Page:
Welcome to the second of four chances to win your very own copy of the Center for Motivation and Change's fabulous new book, Beyond Addiction: How Science and Kindness Help People Change.
I truly love this book and encourage you to read it, whether you win a copy through my blog or not. Beyond Addiction is based on CRAFT--Community Reinforcement and Family Training--the research-supported, evidence-based, clinically proven approach to helping families of substance abusers. Is there a good chance that you'll find the CRAFT approach radically different than everything you've heard before? Yes. But when you read about it and give it a chance to sink it, it starts to make a lot of sense.
To get in on this week's drawing, send me an email via the "Contact Form" that appears in the column on the right-hand side of my blog (between the "Most Popular Posts" and "Blogs I Follow" sections). Simply tell me you want to be in the drawing. At the end of the week (Sunday evening), I will put the names of all the entrants into a hat--actually, it's a mixing bowl from IKEA--and choose a winner at random.
Oh, one more thing. Here's a new little twist I decided to add to the rules: If you entered a previous drawing and didn't win, I will leave your name in the IKEA mixing bowl for upcoming drawings. But you can also email me again and get an extra entry in the next drawing. It's a little "loyalty bonus."
(Note: I understand that some of you may be reluctant to share your name and email address with me, but it's the only way I can get in touch with you to let you know if you've won. I assure you that I will not share your information with any individuals or organizations.)
Now, on to this week's excerpt from Beyond Addiction.
This excerpt comes from the "Start Where They Are" chapter in the "How to Help" section of the book. It talks about why staying calm is better than yelling when communicating with your loved one.
Setting the Stage
(An Invitation to) Stop Yelling
"The tone you take with your loved one has an impact, often more than the words you use. Our number-one recommendation: Stop yelling. It is our version of the Hippocratic Oath--'First, do no harm'--a deceptively simple instruction but one that our clients often say is the hardest thing to change even when they understand why they should.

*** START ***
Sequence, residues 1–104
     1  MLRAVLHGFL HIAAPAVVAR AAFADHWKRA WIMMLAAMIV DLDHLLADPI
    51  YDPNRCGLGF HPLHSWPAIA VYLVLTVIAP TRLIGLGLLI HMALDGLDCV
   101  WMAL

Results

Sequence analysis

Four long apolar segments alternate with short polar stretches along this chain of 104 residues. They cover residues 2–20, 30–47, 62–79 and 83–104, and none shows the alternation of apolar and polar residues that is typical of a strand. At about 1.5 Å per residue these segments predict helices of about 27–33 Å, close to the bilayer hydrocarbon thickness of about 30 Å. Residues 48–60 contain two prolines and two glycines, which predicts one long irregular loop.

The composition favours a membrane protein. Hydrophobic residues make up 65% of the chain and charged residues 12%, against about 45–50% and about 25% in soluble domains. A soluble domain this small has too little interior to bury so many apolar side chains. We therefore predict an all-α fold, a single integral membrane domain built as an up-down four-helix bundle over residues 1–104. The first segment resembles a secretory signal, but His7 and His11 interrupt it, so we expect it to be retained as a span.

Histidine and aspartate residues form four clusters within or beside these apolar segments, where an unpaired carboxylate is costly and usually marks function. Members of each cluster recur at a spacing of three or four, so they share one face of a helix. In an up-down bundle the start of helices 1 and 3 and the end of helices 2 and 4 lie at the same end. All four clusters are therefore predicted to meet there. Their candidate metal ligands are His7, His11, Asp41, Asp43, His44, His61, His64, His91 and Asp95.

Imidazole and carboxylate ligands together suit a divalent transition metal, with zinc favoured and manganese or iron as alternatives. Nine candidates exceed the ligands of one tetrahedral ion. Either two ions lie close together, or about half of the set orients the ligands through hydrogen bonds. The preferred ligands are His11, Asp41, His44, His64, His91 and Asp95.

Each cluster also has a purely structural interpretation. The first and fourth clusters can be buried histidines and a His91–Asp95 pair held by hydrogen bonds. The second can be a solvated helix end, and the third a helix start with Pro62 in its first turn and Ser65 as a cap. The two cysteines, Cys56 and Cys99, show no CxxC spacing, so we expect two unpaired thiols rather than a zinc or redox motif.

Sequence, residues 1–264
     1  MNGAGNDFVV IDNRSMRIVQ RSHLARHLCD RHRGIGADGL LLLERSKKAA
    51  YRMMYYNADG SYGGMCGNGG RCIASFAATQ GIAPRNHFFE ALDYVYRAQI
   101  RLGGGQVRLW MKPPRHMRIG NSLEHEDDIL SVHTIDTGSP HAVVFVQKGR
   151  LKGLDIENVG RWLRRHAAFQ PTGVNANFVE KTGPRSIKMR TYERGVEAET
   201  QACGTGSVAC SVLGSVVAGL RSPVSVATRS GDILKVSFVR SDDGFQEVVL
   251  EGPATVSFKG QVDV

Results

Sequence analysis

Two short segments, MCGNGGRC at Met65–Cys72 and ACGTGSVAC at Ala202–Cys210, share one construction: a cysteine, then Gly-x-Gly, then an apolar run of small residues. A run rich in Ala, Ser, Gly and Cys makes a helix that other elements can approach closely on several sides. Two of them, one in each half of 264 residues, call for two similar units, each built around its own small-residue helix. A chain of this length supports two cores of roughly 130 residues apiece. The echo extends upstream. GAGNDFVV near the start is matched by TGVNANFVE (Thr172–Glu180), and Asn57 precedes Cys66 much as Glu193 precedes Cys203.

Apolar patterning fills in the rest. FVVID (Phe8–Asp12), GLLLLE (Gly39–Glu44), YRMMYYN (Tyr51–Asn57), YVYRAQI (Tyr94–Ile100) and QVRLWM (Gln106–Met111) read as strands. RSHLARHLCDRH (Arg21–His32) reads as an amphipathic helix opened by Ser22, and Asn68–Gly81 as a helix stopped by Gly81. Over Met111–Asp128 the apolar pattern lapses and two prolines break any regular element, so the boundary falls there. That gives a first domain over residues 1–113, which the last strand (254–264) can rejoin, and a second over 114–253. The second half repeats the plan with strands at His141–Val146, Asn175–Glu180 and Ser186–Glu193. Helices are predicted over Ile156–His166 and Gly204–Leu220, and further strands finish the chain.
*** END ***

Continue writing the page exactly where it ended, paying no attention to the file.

"You may find yourself yelling with the hope of discouraging your partner from coming home late and intoxicated, or any number of other reasons. What may not be so obvious is that yelling may undercut his motivation to come home sober, if to him it means 'This is what I come home to.' Similarly, yelling may be your desperate effort to communicate your despair and pain ('You always do this; you never change') but what you may be inadvertently communicating is that you don’t believe your partner is capable of change, which he may take as a reason not to bother. While yelling may sometimes achieve your goals, it almost always makes you the bad guy, the one with the yelling problem. The takeaway of an interaction in which you yelled will most likely be how mean and out of control you are rather than what your loved one could do differently.
"In a fascinating study, researchers discovered that a single act of confrontation by a therapist resulted in increased alcohol consumption by patients twelve months later. You are not a therapist, but the reasons harsh words don’t work are the same at home."
And some more:
"It is a lot to ask of you to be nice, flexible, and collaborative at times like this. It may seem like too much, until you see how it works. We’re not asking you to stuff your real feelings about your loved one’s substance use. We want you to express your feelings--your true feelings, and your whole feelings. But we want to teach you to express your feelings in ways and places that will be constructive for you. Ask yourself if yelling (or cold-shouldering, belittling, hectoring, and any other expression of hostility) has worked in the past--to change anything or to make you feel better beyond that moment. If you’ve run that experiment and seen the results, it might be time to try something different.
"We don’t expect that you’ll never yell again. We present this as an absolute because we hope that having a clear, simple intention will help anchor you when the water gets choppy. The chapter on positive communication to come will show you in detail what you can do instead of yell. The point here is that positive communication depends on your trying not to yell, and on being able to stop once you’ve started. Yelling less is better than yelling more. We invite you to approach each interaction as a fresh opportunity to not yell, regardless of what came before it."
Amen. While dealing with my son's addiction over the years, I finally came to realize that yelling is definitely not the right approach. If you're a "yeller"--and believe me, it's an easy trap to fall into--you might want to consider a fresh approach.
Words of wisdom, for sure. Having a loved one who is suffering from addiction is not easy. Beyond Addiction, I believe, can make it easier.
Thanks again to the Center for Motivation and Change for sending me books to give away. If you're interested in winning your own copy, shoot me an email. Good luck!